A project aimed at finding a way of recycling materials from scrapped aircraft on a worldwide scale is being considered by members of the Aircraft Fleet Recycling Association (AFRA).
Abandoned aircraft are often left to deteriorate in certain parts of the world because of a shortage of aircraft recycling facilities.
AFRA executive director Martin Fraissignes - who is also general manager of the Chateauroux Air Centre in France, which dismantles and recycles scrapped airliners - says these abandoned aircraft are "feeding parts to the black market and polluting".
To address this problem, AFRA is "working on a project to launch on a worldwide basis", details of which are not yet ready to be disclosed, says Fraissignes.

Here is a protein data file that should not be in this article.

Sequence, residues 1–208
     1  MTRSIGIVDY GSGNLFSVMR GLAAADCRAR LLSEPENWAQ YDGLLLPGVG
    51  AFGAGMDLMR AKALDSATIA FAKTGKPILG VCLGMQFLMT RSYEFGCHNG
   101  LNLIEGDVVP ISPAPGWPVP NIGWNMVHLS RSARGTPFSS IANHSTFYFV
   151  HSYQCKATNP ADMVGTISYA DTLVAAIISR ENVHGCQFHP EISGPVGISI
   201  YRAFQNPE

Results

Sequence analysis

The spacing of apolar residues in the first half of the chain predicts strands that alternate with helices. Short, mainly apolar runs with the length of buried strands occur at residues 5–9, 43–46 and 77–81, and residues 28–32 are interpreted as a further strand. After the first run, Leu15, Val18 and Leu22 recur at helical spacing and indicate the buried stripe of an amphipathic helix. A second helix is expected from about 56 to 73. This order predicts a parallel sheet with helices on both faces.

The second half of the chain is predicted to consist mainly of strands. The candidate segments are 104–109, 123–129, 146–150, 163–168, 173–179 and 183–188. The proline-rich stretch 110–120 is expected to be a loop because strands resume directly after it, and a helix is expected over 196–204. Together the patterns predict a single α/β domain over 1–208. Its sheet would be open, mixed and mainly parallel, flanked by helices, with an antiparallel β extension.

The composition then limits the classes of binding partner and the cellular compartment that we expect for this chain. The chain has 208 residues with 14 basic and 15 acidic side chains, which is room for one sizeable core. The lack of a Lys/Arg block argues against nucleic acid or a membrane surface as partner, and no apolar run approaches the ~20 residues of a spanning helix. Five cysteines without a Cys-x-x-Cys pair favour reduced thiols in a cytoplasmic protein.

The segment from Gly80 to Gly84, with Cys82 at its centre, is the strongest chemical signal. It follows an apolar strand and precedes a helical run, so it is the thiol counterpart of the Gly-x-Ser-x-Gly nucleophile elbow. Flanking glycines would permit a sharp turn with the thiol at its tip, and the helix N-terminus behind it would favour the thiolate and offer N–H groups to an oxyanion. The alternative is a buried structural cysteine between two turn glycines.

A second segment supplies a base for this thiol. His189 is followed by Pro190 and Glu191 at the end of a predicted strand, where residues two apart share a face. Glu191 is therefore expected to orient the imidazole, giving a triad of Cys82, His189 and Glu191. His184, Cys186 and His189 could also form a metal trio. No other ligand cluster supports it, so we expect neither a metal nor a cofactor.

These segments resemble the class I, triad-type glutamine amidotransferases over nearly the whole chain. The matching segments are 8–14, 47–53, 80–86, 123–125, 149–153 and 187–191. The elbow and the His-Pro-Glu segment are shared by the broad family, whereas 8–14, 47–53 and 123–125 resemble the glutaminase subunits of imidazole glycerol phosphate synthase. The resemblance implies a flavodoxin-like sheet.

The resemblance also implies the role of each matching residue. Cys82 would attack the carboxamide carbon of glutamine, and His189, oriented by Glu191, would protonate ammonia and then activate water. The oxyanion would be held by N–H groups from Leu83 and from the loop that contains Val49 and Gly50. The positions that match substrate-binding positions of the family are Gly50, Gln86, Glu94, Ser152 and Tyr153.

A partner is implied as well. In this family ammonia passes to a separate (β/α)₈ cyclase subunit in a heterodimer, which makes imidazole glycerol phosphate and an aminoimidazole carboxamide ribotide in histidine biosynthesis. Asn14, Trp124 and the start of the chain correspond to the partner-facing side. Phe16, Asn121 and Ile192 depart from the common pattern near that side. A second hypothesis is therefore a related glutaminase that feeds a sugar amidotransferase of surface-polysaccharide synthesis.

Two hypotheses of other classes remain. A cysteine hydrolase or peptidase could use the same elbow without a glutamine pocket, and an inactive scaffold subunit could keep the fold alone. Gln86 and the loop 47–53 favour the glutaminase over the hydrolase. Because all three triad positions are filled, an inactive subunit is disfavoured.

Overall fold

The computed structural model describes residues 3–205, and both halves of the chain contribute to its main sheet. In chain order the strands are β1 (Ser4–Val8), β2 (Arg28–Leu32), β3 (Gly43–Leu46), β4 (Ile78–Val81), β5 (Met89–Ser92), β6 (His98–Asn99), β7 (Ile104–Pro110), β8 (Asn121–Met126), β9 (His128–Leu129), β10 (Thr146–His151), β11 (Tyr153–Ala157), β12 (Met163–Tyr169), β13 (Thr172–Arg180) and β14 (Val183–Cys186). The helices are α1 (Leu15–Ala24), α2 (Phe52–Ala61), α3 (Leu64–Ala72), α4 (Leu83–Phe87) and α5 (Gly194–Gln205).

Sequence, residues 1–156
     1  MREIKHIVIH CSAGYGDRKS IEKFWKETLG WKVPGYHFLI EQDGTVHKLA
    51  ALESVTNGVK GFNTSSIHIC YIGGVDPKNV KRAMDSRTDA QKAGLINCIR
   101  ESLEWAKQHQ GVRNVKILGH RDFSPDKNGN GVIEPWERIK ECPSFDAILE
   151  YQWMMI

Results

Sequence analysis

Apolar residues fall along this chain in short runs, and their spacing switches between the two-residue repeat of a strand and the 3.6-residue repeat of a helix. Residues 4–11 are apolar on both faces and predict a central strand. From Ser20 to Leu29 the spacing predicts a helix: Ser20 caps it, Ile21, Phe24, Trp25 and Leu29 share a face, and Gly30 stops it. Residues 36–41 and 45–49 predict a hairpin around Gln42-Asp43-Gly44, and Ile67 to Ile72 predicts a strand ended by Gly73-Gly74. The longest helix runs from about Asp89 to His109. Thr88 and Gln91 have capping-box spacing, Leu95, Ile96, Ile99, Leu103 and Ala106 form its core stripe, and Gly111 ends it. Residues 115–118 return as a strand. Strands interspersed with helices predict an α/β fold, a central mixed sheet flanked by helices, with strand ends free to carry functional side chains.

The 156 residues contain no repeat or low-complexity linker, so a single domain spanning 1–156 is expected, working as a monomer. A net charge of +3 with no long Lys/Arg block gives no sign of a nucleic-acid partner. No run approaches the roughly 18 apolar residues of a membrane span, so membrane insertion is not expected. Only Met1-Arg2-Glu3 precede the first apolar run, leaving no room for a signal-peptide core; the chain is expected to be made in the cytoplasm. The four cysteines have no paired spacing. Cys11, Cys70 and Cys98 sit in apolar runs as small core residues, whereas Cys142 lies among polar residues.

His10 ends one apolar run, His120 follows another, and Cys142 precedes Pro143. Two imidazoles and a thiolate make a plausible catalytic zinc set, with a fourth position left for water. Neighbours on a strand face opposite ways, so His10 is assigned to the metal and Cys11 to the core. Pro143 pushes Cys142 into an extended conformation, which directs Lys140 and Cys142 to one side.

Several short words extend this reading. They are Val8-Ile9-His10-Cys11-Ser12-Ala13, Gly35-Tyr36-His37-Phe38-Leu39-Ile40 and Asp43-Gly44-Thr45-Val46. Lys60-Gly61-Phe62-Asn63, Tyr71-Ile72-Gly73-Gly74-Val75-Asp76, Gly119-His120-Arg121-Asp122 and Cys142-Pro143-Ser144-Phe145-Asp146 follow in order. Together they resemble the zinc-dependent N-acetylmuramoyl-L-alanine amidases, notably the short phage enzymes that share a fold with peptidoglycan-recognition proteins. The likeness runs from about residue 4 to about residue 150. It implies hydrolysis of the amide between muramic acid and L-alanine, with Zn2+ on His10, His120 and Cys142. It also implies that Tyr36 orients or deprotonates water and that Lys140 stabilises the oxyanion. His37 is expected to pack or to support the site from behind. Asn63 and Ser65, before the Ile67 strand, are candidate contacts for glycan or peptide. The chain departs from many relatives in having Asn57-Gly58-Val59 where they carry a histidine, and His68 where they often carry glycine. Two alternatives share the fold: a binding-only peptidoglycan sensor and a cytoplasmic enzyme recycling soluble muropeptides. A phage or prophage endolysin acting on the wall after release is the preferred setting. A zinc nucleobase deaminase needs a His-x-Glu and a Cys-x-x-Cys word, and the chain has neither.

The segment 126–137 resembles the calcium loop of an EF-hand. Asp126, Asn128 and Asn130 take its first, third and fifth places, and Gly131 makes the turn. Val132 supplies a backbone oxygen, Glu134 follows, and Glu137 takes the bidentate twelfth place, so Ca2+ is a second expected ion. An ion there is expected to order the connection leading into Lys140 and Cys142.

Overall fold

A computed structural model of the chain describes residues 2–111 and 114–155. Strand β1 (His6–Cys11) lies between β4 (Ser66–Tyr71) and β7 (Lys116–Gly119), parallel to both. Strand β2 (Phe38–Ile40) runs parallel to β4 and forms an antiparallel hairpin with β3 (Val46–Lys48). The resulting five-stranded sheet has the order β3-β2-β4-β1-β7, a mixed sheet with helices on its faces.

At this early stage the project is "just an idea", but Fraissignes is hopeful that if enough political support can be generated, as well as support from organisations such as the International Air Transport Association, an initiative could be launched "in the next two years".
AFRA said earlier this year that its goal is for 90% of materials salvaged from scrapped aircraft to be recycled by 2016. On average, about 70% of an aircraft can be recycled, with materials used in the interiors presenting the biggest challenge towards meeting this target.
AFRA, which was launched in 2006 and has 47 members, also hopes to reduce the amount of aircraft manufacturing waste destined for landfill by 25% by 2012.